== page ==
A difficult but rewarding look at a major scientific dispute.

Alzheimer's Disease

HOW ITS BACTERIAL CAUSE WAS FOUND AND THEN DISCARDED

A historical account of the debate over the cause of Alzheimer’s disease.

Alzheimer’s is both debilitating and near ubiquitous; if one lives long enough, Broxmeyer (Autism, 2014, etc.) observes, the odds are high that one will suffer some iteration of it. He also notes that Alois Alzheimer, the scientist after whom the disease is named, likely contributed as much as anyone to the general confusion regarding its precise nature. In 1901, Broxmeyer says, Alzheimer examined Auguste Deter—a woman suffering from diminished memory and behavioral abnormality—and seemed determined to avoid implicating tuberculosis even though the potential link between the two was clear. At the start of the 20th century, TB was troublingly common, but Alzheimer insisted that whatever infectious disease caused the newly discovered malady was itself altogether new. However, the author points out, German neuropathologist Oskar Fischer observed in autopsies that brains addled with Alzheimer’s disease also exhibited a germ associated with TB. Later, it would be discovered that tubercular microbes could generate amyloid fibrils very similar to those found in the Alzheimer’s-related plaques and seemed to affect the brain’s immune cells in the same way. The author is an internist and a medical researcher, and his double mastery of both the scientific minutiae and historical nuances of his subject matter is breathtaking. This is more than an account of a scientific debate—it’s also an examination of the sometimes-unempirical way that such debate proceeds, as it’s conducted by human beings with agendas of their own. The science in this book can be formidably complex, and although Broxmeyer seems to make a concerted effort toward clarity, his work isn’t for the casual layperson. As a result, although it’s a relatively short book—less than 200 pages of text—it is by no means a quick read. Nevertheless, readers with strong science backgrounds will be impressed by the author’s undeniable competence, as well as his journalistic approach to chartering the evolution of thought regarding one of our era’s most challenging diseases.

A difficult but rewarding look at a major scientific dispute.

Pub Date: Aug. 3, 2016

ISBN: 978-1-4912-8735-4

Page Count: 190

Publisher: CreateSpace

Review Posted Online: Sept. 14, 2016

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Stricter than, say, Bergen Evans or W3 ("disinterested" means impartial — period), Strunk is in the last analysis...

THE ELEMENTS OF STYLE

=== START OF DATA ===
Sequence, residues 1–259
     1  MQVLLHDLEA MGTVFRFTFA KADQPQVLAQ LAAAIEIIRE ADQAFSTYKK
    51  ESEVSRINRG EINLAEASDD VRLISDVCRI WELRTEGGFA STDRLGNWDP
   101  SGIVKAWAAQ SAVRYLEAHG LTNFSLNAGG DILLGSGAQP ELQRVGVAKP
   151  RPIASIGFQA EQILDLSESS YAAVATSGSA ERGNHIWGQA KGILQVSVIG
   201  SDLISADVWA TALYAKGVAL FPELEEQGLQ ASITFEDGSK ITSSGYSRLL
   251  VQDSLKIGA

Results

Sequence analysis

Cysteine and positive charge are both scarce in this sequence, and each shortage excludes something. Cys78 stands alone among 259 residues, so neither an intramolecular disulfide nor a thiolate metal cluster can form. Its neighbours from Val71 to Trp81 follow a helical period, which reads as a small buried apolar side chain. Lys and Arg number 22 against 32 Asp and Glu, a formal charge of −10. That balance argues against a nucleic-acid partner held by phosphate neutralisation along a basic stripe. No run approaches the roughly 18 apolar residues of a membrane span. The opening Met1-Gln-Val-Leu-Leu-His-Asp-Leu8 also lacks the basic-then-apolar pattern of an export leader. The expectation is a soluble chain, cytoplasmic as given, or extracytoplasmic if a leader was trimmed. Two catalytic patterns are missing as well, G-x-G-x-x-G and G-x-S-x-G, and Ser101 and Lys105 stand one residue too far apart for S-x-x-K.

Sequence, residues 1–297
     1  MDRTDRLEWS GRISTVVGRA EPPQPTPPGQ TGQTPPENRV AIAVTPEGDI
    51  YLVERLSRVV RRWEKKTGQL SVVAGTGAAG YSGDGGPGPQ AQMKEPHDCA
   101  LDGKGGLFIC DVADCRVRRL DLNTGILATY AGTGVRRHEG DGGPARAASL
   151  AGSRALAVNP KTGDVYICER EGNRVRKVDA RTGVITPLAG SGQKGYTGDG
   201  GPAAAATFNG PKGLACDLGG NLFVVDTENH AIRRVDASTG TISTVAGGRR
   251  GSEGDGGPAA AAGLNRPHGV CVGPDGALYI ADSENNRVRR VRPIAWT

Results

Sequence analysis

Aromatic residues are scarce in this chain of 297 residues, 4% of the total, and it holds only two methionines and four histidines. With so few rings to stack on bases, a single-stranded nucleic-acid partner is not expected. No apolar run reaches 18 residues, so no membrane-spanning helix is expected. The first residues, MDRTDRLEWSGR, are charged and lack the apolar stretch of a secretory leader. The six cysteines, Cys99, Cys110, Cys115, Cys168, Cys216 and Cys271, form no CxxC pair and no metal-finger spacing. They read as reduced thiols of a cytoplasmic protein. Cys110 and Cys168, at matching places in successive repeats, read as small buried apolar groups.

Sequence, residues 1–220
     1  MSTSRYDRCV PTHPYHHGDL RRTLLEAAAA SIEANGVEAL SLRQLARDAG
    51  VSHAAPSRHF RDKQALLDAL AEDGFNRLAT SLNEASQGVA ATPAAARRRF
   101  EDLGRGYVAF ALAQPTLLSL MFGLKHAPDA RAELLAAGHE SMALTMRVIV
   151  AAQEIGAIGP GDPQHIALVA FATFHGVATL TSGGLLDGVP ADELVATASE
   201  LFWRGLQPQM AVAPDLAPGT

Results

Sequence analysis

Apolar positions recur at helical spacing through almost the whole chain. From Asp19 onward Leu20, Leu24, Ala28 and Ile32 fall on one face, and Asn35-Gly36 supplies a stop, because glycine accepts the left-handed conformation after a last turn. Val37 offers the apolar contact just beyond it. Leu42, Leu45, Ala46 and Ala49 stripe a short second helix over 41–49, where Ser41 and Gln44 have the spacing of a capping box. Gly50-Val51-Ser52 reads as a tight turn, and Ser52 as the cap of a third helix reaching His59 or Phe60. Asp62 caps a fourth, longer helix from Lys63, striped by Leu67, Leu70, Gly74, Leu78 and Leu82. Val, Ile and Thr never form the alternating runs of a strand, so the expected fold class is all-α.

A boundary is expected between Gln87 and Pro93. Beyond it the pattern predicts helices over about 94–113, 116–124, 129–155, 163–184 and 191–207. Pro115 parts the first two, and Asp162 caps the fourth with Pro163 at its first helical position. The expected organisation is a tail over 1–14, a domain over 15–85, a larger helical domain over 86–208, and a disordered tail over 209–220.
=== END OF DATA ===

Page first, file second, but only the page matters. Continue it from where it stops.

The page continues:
50TH ANNIVERSARY EDITION

Privately published by Strunk of Cornell in 1918 and revised by his student E. B. White in 1959, that "little book" is back again with more White updatings.

Stricter than, say, Bergen Evans or W3 ("disinterested" means impartial — period), Strunk is in the last analysis (whoops — "A bankrupt expression") a unique guide (which means "without like or equal").

Pub Date: May 15, 1972

ISBN: 0205632645

Page Count: 105

Publisher: Macmillan

Review Posted Online: Oct. 28, 2011

Kirkus Reviews Issue: May 1, 1972

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MARTIN LUTHER KING, JR. AND THE MARCH ON WASHINGTON

This early reader is an excellent introduction to the March on Washington in 1963 and the important role in the march played by Martin Luther King Jr. Ruffin gives the book a good, dramatic start: “August 28, 1963. It is a hot summer day in Washington, D.C. More than 250,00 people are pouring into the city.” They have come to protest the treatment of African-Americans here in the US. With stirring original artwork mixed with photographs of the events (and the segregationist policies in the South, such as separate drinking fountains and entrances to public buildings), Ruffin writes of how an end to slavery didn’t mark true equality and that these rights had to be fought for—through marches and sit-ins and words, particularly those of Dr. King, and particularly on that fateful day in Washington. Within a year the Civil Rights Act of 1964 had been passed: “It does not change everything. But it is a beginning.” Lots of visual cues will help new readers through the fairly simple text, but it is the power of the story that will keep them turning the pages. (Easy reader. 6-8)

Pub Date: Jan. 1, 2001

ISBN: 0-448-42421-5

Page Count: 48

Publisher: Grosset & Dunlap

Review Posted Online: May 20, 2010

Kirkus Reviews Issue: Dec. 1, 2000

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